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Self-destructive strike

This Friday, Aug. 30, is the date set by the baseball players' union for the first work stoppage since 1994. If the players and owners do not come to a labor agreement by then, major league games will stop. But this strike does not threaten only the rest of this season, but also the future of the game of baseball.

Baseball has still not completely recovered from its last work stoppage, with attendance remaining below 1994 levels. Another strike would cripple the game, alienating fans and emptying ballparks. Moreover, the economic system the game is currently operating under is already destroying itself, and substantive changes are needed.

Currently, there is a great disparity between those teams with money and those teams without money. There are only a handful of teams with enough money to buy the players necessary to compete and win, as evinced by the perennial dominance of the Yankees and Braves. Other teams, such as the Florida Marlins in 1997 and the Arizona Diamondbacks last year, also demonstrate that teams willing to spend big money can win the World Series.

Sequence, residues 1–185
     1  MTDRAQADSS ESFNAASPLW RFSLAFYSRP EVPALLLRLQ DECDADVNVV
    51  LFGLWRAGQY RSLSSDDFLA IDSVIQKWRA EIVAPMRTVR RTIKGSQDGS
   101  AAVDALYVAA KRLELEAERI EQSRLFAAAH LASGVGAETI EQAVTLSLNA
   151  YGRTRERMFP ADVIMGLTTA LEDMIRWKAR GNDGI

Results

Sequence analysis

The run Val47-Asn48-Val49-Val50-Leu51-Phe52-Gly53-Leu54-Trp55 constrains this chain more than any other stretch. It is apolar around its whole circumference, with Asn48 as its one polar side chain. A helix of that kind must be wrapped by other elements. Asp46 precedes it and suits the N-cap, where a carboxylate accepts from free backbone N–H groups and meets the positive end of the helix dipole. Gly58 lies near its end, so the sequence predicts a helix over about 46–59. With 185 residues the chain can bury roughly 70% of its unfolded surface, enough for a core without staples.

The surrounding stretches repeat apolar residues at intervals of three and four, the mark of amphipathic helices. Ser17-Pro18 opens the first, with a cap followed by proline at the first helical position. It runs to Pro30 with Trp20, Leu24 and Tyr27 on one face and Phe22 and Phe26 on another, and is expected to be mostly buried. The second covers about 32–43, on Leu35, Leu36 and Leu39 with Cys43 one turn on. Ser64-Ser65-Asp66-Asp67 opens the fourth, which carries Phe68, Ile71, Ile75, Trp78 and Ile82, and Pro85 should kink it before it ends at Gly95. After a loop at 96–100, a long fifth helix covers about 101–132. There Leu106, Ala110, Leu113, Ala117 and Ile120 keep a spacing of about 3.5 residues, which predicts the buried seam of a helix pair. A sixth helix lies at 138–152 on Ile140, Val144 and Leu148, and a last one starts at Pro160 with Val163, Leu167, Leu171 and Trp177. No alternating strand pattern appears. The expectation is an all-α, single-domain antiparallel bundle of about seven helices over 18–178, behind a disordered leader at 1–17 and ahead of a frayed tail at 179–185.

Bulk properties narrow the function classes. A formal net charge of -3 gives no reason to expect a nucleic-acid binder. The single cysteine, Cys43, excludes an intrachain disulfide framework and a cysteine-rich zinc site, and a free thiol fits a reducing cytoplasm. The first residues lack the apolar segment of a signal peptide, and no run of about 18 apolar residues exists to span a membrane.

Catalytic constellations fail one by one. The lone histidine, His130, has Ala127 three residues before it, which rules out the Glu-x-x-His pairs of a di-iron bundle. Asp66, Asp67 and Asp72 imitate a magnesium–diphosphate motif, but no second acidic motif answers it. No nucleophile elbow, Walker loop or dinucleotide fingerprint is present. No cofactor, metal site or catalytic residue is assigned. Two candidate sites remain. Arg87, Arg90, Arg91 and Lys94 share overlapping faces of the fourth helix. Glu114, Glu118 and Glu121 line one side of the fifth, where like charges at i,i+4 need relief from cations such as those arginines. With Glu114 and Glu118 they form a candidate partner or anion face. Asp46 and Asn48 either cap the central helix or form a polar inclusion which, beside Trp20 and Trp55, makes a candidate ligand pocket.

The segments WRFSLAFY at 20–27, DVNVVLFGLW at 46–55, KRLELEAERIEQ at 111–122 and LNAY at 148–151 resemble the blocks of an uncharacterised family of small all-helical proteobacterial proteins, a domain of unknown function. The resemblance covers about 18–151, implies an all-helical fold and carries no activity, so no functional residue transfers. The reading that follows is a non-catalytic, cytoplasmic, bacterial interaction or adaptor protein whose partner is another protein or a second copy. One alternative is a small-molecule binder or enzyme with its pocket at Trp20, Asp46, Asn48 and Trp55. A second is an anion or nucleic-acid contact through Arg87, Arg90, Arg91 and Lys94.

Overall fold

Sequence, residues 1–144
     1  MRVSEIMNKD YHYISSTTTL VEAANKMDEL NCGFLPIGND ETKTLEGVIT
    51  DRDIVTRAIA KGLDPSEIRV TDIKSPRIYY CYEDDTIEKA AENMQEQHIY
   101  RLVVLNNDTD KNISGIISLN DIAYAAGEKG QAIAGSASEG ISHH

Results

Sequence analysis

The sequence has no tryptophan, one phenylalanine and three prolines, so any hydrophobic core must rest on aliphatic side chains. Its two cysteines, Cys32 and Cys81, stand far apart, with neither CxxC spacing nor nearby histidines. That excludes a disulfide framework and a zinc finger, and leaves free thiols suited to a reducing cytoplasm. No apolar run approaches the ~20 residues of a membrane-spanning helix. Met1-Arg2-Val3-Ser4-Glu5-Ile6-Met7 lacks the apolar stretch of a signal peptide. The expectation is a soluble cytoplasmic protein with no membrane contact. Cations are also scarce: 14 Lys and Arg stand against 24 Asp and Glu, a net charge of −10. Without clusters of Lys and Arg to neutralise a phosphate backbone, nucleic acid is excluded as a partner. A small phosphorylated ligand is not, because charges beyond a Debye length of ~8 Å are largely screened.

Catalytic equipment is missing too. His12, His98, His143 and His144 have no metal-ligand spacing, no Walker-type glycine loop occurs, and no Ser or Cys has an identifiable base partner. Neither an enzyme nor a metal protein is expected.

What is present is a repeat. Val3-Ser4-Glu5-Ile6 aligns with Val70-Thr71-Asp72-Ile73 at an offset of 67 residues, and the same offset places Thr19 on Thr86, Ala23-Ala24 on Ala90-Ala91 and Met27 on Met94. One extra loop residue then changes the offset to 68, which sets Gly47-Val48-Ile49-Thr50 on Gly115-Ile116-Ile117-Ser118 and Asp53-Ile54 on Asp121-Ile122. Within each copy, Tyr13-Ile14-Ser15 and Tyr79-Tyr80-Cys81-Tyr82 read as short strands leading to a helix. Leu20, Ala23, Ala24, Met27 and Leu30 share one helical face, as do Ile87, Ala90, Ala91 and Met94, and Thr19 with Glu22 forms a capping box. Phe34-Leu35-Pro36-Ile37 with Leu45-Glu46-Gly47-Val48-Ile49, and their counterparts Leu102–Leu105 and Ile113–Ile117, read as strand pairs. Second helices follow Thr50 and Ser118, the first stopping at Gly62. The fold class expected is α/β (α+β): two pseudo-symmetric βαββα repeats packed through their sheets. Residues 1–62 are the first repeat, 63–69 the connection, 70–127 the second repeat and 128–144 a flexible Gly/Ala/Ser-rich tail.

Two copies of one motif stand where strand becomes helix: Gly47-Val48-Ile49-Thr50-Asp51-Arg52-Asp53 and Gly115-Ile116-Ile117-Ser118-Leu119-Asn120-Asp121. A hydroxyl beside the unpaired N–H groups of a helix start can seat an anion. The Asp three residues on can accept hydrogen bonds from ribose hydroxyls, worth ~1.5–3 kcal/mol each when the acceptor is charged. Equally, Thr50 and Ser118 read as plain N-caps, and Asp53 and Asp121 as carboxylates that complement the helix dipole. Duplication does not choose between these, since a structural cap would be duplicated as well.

But other teams without the same resources are left out in the cold. Teams like the Royals, Tigers, Expos and Brewers are already out of contention when the season begins, and it is impossible for them to ever contend because they lack the money to do so. Small-market teams playing well, like this year's Twins, are the exceptions that prove the rule--but even the Twins cannot compete in the playoffs with the big boys like the Yankees or Braves with their bloated payrolls.

The owners are to blame for the current bad state of the game, since they are responsible not only for ever-escalating salaries, but also for adding not viable expansions teams and blocking teams from moving to new locales. Owners like George Steinbrenner and players like Alex Rodriguez are not to blame for the game's problems; they are merely doing the best they can under the current system. Steinbrenner has the money available and builds winning teams, doing exactly what he should do. Rodriguez was offered a huge contract and rightly took it. The real problem lies in the structure of the game. Fortunately, the owners are currently trying to fix that structure.

The owners' proposal includes provisions for greater revenue sharing between teams and a luxury tax, which would penalize teams with very large payrolls. Both of these measures will help ensure competitive balance in the game, evening the odds between teams like the Brewers and the Braves. Unfortunately, the players' union is not going along with the owners' proposals. Although the players' union is protecting its own salaries, it does not realize that by taking a hardline position it is shooting itself in the foot.

Both sides need to place a huge emphasis on the fans, who are the reason the players and owners both profit from the game. By threatening to strike, the players are threatening the game fans love and their own livelihood.

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